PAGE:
China’s ban on private digital assets will wipe out nearly a third of the revenue for Huobi Global, one of the world’s largest cryptocurrency exchanges, forcing it to look elsewhere for growth, the co-founder said.
Huobi is forced to cut off its customers in China and give up 30 percent of its revenue due to the country’s repression of cryptocurrencies. To compensate for that loss, the exchange plans to seek clients in other financial centers, underscoring the global impact. of China’s decision.
“Between the end of September and 31 December, we are stopping serving all our Chinese users. There will be no Chinese users on the platform. . . so our income from [these clients] is going to go to zero, ”Du Jun, the 33-year-old co-founder of the stock exchange, said in an interview with the Financial Times.
Huobi is one of the handful of exchanges that have benefited from bitcoin hitting mainstream markets as the price of the digital currency has risen to a series of all-time highs since March last year. This has changed Huobi, FTX, Coinbase and a few other start-ups into billion-dollar companies.
Jun emphasized that 70 per cent of the company’s revenue was already overseas, but said it was accelerating efforts to expand globally and quadrupling its global workforce from the current 1,000.
“We are very comfortable in Asia and we are the leader here, but we need a new emphasis, we have to go worldwide,” said the boss of the Seychelles-based exchange. He would not provide revenue or profit figures for the business.
Until 2018, China enjoyed an overwhelming dominance in bitcoin markets as it was home to most mining and trading activities. But over the past four years, a series of crackdowns have erupted on Beijing’s ban on all digital assets this October. The US has already surpassed China as the largest mining hub.
The shifting regulatory wind is forcing Huobi, which is China’s largest stock exchange and has enjoyed close ties with political elites, to aggressively scale up its global operations and target nations and regions such as Russia, Turkey and Latin America for retail customers and Europe and the US target for large investors active in professional markets.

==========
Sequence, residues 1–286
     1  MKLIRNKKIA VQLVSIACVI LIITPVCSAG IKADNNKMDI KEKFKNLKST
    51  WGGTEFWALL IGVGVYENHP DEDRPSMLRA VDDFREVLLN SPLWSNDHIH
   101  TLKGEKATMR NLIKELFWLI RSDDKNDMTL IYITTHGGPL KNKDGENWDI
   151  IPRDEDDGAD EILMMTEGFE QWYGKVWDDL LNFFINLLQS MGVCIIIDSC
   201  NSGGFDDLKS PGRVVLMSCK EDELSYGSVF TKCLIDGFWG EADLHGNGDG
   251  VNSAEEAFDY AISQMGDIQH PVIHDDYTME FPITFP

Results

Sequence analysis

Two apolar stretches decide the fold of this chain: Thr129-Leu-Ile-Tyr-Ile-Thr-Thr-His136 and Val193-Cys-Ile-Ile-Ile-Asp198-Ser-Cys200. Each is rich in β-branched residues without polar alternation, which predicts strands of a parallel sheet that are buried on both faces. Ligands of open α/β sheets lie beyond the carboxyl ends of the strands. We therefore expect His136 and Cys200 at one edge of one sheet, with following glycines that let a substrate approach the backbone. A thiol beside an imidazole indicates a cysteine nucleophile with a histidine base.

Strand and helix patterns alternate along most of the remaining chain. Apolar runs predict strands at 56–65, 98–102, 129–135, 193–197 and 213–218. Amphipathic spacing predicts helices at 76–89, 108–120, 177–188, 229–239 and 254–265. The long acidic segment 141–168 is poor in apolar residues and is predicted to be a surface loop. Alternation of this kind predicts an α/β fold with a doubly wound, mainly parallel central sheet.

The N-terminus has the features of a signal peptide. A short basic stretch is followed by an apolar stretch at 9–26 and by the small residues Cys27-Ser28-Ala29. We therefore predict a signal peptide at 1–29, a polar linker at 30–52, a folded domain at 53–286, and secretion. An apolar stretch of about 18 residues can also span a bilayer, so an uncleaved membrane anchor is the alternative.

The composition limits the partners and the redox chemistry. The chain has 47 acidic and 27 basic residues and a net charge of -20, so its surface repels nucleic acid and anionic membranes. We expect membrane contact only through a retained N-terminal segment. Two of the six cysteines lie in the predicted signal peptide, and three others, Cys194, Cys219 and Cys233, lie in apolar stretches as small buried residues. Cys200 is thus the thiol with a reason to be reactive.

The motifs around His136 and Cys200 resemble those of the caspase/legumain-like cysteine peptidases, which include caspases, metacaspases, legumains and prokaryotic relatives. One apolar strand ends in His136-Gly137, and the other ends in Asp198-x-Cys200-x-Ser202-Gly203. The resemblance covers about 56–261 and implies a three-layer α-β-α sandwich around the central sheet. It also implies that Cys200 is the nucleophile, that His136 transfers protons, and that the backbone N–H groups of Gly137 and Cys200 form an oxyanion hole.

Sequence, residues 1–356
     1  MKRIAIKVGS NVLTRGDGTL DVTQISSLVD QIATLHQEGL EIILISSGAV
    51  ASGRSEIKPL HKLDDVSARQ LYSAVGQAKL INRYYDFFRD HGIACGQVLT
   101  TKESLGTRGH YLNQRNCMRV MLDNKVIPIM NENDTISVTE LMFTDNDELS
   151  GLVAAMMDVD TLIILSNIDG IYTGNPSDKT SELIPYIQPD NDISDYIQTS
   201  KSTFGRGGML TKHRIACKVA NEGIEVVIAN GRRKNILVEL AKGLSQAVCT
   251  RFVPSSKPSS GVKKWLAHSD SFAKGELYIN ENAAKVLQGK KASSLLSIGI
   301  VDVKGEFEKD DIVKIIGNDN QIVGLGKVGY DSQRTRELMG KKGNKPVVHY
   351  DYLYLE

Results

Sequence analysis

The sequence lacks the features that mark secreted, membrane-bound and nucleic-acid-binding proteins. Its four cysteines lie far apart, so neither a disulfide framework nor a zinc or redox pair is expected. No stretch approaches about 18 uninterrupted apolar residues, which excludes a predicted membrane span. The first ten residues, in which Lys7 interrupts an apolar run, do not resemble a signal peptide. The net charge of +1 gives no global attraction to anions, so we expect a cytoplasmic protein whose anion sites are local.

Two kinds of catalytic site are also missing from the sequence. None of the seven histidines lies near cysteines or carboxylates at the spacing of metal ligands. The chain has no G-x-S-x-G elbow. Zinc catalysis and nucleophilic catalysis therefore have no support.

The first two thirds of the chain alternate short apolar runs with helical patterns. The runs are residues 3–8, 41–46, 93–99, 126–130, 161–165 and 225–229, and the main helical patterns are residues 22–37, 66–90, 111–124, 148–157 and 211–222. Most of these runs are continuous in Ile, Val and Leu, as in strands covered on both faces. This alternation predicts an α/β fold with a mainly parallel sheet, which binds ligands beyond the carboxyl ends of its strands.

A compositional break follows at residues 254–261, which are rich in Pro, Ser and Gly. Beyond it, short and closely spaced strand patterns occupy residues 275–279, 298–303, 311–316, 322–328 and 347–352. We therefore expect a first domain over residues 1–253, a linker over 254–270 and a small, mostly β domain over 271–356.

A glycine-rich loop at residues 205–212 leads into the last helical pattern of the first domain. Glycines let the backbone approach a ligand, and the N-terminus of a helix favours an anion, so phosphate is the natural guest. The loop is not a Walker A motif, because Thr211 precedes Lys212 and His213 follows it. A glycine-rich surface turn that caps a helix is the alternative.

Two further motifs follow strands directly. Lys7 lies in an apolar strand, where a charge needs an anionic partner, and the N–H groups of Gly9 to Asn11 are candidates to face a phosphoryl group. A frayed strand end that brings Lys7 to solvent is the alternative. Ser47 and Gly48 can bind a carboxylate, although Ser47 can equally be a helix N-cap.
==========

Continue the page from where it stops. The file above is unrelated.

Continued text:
In October, digital assets worth $ 211 billion exchanged on the platform, down 74 percent since the ban in May, according to data specialist CryptoCompare.
Jun co-founded the exchange with his business partner, Leon Li, a former Oracle computer engineer, in September 2013, despite Jun’s first thinking that bitcoin’s value was growing too fast to be anything but a scam.
“Leon suggested: what of us does not buy the asset, but we just do something like an exchange?” he said.
After their conversation, they discussed the two existing crypto exchanges in China, the now dissolved Mt Gox and BTC China. They estimate that the platforms earn $ 500,000 every month. They therefore responded to the idea, choosing a name meaning “firearm” and luring traders with no transaction fees.
The exchange is a private company and says it has no “direct relationship” with Hong Kong-listed Huobi Technology, which also manages an asset management arm that offers crypto-related funds, although “it shares a key shareholder and founder” in Leon Li .
Despite declining revenues in China, Huobi is celebrating its eighth year of existence by giving away “millions” in crypto, sending a user still selected to space and pursuing peer FTX in court for approval of known.
Jun, who runs the company from Singapore, wants to make half of his workforce international. Yet the exchange has no plans for a global headquarters, preferring its current “decentralized structure”, with employees spread around the world.
It is also strengthening its compliance department, as regulatory issues may arise in the coming years as the platform continues to venture into key financial hubs.
Huobi has more than $ 2 billion worth of controversial stablecoin binder in custody and offers 55 percent of the proceeds in bonds to investors who deposit euros or sterling on the exchange. It could also put the platform in the sights of regulators in the US, UK and Europe as they tighten their oversight of crypto activities.
A study by the National Bureau of Economic Research said Huobi and Binance served as “a gateway to money laundering and other gray activities” due to a lack of knowledge of your client (KYC) checks. A spokesman for the exchange said users should undergo “strict” KYC processes to trade above a certain amount and to be able to convert currencies to digital currencies.
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